Safari Diamond File
This double-sided, round-end, stainless steel board dog nail file comes highly recommended by dog owners.
Hertzko Professional Pet Nail Clipper
If you’re in the market for a dog nail clipper and dog nail file, you won’t find better than this highly-rated combo deal.
Telmo Professional Dog Nail Clippers and Trimmer
This is another great-value set that features both a safety lock-equipped dog nail clipper and a stainless steel dog nail file.
Glass Dog Nail Files
Crystal Glass File
This double-sided glass dog nail file is 6.5” L x 1.3” W x 0.2” D and comes in its own plastic case.
This file can be used for stand-alone nail filing or to quickly smooth your pup’s nails after a trim.
But it’s made of glass. So be sure you don’t drop it!
Apart from that, owners say it is quick and quiet, great for scared dogs, durable and easy to use and clean.
Bona Fide Beauty File
This glass dog nail file is made from Swarovski crystal and comes with its own plastic case. It measures 6.2” L x 1.2” W x 0.8” D and has safety-rounded edges.
How to File Dog Nails
Do you need more tips? Well, there are two basic tasks to tackle.
- Learn how to file dog nails yourself.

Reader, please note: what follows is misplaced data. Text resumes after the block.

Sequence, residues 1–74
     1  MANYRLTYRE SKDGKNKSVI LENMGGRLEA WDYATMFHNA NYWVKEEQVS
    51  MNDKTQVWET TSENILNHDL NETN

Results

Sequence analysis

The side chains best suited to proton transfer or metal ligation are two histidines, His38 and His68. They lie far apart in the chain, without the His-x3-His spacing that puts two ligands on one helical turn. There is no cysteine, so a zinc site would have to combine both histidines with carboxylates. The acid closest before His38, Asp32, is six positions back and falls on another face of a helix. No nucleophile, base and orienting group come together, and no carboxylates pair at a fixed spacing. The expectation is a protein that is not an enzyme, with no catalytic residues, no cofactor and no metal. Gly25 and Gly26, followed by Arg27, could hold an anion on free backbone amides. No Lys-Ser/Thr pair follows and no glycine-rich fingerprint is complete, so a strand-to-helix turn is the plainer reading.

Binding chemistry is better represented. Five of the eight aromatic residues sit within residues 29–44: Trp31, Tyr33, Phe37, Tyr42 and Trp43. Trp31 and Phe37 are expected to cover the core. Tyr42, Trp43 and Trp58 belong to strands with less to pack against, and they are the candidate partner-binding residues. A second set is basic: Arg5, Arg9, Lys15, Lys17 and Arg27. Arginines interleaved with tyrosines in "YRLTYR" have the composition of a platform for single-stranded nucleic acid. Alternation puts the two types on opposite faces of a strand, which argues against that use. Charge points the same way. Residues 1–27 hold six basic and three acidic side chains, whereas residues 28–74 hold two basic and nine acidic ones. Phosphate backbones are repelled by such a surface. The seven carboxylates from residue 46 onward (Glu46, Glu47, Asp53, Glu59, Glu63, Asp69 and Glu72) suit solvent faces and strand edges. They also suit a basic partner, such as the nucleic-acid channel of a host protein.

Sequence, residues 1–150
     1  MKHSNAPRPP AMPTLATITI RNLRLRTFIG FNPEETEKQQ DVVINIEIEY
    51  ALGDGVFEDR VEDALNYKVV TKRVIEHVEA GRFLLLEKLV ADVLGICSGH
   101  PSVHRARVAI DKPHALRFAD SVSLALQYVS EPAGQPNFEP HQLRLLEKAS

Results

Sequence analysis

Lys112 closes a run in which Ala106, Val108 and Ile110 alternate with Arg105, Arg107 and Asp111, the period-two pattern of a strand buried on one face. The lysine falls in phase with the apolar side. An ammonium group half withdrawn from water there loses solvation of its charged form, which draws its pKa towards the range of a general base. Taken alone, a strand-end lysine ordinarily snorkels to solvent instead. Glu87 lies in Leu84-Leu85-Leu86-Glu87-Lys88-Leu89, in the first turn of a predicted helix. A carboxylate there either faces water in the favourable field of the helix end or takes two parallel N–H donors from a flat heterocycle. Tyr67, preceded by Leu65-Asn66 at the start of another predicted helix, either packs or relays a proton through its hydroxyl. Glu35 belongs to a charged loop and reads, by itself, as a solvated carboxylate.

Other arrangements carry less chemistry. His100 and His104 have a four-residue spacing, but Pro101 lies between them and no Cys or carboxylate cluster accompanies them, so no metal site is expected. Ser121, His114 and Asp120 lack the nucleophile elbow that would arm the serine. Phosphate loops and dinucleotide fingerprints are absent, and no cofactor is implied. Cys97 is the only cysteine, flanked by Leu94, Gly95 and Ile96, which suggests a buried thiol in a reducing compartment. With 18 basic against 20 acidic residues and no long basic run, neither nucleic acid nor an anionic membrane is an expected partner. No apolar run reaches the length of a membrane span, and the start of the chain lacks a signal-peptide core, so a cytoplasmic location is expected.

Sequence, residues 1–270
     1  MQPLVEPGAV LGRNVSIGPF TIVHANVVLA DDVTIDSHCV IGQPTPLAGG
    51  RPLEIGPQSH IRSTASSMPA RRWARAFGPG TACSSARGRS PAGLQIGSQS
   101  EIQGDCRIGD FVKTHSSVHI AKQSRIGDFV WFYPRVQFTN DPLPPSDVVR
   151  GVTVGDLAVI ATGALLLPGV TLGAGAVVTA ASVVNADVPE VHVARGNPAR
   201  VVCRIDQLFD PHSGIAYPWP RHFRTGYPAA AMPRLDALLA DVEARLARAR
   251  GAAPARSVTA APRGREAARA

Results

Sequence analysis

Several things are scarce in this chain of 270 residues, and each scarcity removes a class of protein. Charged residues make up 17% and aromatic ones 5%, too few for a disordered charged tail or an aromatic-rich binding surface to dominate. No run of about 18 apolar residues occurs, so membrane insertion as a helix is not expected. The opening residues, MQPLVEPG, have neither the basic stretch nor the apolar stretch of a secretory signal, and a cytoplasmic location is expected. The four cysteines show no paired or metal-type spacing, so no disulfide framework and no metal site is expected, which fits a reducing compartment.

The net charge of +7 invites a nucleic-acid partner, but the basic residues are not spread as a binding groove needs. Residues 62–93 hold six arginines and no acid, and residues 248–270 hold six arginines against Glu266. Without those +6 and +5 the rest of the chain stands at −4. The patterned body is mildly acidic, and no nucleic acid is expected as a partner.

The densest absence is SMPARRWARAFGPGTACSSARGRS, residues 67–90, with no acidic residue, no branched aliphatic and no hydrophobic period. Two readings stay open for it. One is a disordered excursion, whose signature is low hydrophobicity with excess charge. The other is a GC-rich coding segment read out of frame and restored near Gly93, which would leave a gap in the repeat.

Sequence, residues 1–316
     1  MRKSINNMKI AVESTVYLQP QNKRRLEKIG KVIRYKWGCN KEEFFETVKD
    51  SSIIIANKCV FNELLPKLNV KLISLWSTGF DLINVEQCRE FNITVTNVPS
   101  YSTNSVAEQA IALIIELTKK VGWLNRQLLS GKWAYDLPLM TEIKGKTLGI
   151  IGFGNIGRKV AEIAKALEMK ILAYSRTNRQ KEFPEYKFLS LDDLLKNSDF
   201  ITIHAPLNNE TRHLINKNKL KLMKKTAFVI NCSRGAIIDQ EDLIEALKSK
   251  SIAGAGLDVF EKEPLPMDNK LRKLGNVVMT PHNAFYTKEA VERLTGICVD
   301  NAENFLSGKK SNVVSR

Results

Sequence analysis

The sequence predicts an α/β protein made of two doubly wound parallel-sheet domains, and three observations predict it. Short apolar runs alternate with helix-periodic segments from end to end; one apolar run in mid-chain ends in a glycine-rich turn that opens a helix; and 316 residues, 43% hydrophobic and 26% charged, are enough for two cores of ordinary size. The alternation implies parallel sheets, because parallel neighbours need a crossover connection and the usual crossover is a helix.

- Get your dog used to having their nails filed.
Many new dog owners like to have someone else file their dog’s nails the first time so they can watch and learn.
Your dog’s veterinarian or professional dog groomer should be happy to show you so don’t be afraid to ask for help!
Every Dog is Different
When your dog is a puppy, her nails will be softer and easier to file. This is also a great time to get your puppy used to nail trim sessions!
When your pup grows up and her nails are stronger and faster-growing, you may need to upgrade your dog nail file toolkit accordingly.
If you need guidance on how to encourage a fearful dog to allow you to access his nails for filing and trimming, we think you will love this article.
Do you have your own tips or experiences to share about trimming your dog’s nails? We’d love to hear in the comments section below.
Other Great Dog Products
If you have found this guide useful, we have lots of other great guides to help you. Take a look at some of the useful products you can get in the articles below.
- Dog Dental Care
- Best Dog Brush
- Best Dog Nail Polish
- Dog Nail Clippers and Grinders, and How To Use Them
- What Do Dogs Need? Your Ultimate Canine Kit
References and Further Reading
The Labrador Site Founder
Pippa Mattinson is the best selling author of The Happy Puppy Handbook, the Labrador Handbook, Choosing The Perfect Puppy, and Total Recall.
She is also the founder of the Gundog Trust and the Dogsnet Online Training Program
Pippa's online training courses were launched in 2019 and you can find the latest course dates on the Dogsnet website